Also in polish tradition, during Christmas time and sometimes Easter, a special unleavened bread is used. You start with a whole and someone (a family member or such) will come up to you, take a piece of the wafer and in return wish good things upon you (pleasure, money, health etc.) and you go up to others and do likewise until your wafer has been taken from everyone and you took a piece from everyone. The bread is called opłatek which roughly translates into “toll” or “payment”.
The informant, JK, is one of my close friends from my Catholic high school who I maintain contact with after graduation. He hails from a devoutly Catholic Polish family. Among most of the families that I knew of while attending, most of my classmates did not speak their family lineage’s mother tongue except for most of the my Polish and Hispanic classmates. No German and definitely not any Irish being spoken there.
My informant is currently attending medical school in Poland and I reached out to him through social media to ask if he had any traditional/folk-things he could share with me given his actively apparent and practiced Polish heritage, doubly so now that he is back in Poland.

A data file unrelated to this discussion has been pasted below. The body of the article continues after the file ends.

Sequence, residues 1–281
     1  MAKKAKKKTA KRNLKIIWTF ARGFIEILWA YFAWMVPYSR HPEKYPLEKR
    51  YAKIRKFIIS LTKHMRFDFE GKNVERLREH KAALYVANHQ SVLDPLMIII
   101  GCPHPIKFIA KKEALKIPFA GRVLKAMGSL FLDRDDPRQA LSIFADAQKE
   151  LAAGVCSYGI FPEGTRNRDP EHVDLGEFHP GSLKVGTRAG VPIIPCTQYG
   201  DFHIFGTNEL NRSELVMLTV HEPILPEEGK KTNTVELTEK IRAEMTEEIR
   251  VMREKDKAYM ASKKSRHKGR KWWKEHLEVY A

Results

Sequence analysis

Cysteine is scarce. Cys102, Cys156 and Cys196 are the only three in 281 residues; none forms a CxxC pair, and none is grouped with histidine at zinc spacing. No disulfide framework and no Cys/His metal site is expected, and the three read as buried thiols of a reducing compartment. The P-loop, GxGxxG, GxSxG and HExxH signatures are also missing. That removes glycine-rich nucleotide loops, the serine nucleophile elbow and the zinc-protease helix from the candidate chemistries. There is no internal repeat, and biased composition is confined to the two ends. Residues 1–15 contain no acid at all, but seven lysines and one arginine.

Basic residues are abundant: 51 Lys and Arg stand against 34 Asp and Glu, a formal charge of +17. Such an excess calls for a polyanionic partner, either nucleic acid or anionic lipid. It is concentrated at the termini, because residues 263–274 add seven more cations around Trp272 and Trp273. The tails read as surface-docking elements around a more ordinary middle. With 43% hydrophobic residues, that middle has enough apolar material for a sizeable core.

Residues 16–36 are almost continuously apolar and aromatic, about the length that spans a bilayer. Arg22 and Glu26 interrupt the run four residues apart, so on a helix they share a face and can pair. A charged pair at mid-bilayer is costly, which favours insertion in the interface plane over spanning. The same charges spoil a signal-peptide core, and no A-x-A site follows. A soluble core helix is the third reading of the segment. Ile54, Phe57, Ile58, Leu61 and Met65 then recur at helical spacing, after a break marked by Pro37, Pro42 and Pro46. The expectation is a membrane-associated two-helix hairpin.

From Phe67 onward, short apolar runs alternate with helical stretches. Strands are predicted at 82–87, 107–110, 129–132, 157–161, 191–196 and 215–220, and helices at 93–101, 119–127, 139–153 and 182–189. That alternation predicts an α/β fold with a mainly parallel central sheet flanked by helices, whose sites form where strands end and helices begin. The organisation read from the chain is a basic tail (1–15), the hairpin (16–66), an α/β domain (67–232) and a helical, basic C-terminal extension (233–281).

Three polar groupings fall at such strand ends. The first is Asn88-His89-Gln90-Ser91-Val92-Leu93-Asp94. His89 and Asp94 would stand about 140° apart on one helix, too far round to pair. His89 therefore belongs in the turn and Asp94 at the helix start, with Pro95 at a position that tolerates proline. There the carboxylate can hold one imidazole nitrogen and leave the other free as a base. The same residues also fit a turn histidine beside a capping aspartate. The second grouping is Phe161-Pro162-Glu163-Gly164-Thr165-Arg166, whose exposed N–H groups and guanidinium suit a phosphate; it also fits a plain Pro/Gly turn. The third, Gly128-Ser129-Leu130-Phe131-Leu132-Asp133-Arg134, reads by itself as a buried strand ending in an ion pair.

Immediately what comes to mind is the Eucharist and the transubstantiation concept in the Catholic church of how Christ’s body is figuratively and literally represented by the communal bread is akin to this is taking place where individuals represent themselves with the loaves of unleavened bread. Then they take parts of themselves and share it with their loved ones. Considering that these most likely occur at family gatherings with relatives who could potentially live far away from each other, it comes off as an encouraging reminder that they always have each other. The wording of “toll” also gives off the suggestion that they expect good deeds to be returned, or just be acted in response to exchange their own pieces of bread. One loses themselves from sharing all the bread until it is gone, but will have formed a symbolic whole from the others who have given pieces of themselves to you, which really puts the entire act of giving and receiving in a simple but introspective light.
For more on the origins of opłatek, refer to Claire Anderson’s detailed study of its Slavic roots.
Anderson, Claire M. “In Search of the Origins of the Opłatek.” The Polish Review, vol. 58, no. 3, 2013, pp. 65–76. JSTOR, www.jstor.org/stable/10.5406/polishreview.58.3.0065. Accessed 3 May 2021.